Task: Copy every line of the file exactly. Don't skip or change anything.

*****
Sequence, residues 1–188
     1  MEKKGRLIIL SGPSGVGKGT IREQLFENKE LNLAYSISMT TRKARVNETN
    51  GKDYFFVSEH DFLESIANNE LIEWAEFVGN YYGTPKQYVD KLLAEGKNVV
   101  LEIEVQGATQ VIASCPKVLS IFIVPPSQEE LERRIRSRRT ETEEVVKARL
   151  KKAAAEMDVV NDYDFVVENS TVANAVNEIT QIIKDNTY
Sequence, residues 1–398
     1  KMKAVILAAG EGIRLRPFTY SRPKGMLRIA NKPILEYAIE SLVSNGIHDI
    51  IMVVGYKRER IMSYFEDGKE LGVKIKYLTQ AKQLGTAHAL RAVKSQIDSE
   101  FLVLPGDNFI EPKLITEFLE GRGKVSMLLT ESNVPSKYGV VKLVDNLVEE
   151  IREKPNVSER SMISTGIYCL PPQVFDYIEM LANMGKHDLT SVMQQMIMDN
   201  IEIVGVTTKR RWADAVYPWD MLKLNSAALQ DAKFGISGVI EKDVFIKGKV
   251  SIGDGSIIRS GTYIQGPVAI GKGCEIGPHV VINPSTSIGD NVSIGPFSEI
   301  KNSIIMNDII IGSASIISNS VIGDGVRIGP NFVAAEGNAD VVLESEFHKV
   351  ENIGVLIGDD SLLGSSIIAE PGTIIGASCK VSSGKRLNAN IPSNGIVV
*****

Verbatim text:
Sequence, residues 1–188
     1  MEKKGRLIIL SGPSGVGKGT IREQLFENKE LNLAYSISMT TRKARVNETN
    51  GKDYFFVSEH DFLESIANNE LIEWAEFVGN YYGTPKQYVD KLLAEGKNVV
   101  LEIEVQGATQ VIASCPKVLS IFIVPPSQEE LERRIRSRRT ETEEVVKARL
   151  KKAAAEMDVV NDYDFVVENS TVANAVNEIT QIIKDNTY
Sequence, residues 1–398
     1  KMKAVILAAG EGIRLRPFTY SRPKGMLRIA NKPILEYAIE SLVSNGIHDI
    51  IMVVGYKRER IMSYFEDGKE LGVKIKYLTQ AKQLGTAHAL RAVKSQIDSE
   101  FLVLPGDNFI EPKLITEFLE GRGKVSMLLT ESNVPSKYGV VKLVDNLVEE
   151  IREKPNVSER SMISTGIYCL PPQVFDYIEM LANMGKHDLT SVMQQMIMDN
   201  IEIVGVTTKR RWADAVYPWD MLKLNSAALQ DAKFGISGVI EKDVFIKGKV
   251  SIGDGSIIRS GTYIQGPVAI GKGCEIGPHV VINPSTSIGD NVSIGPFSEI
   301  KNSIIMNDII IGSASIISNS VIGDGVRIGP NFVAAEGNAD VVLESEFHKV
   351  ENIGVLIGDD SLLGSSIIAE PGTIIGASCK VSSGKRLNAN IPSNGIVV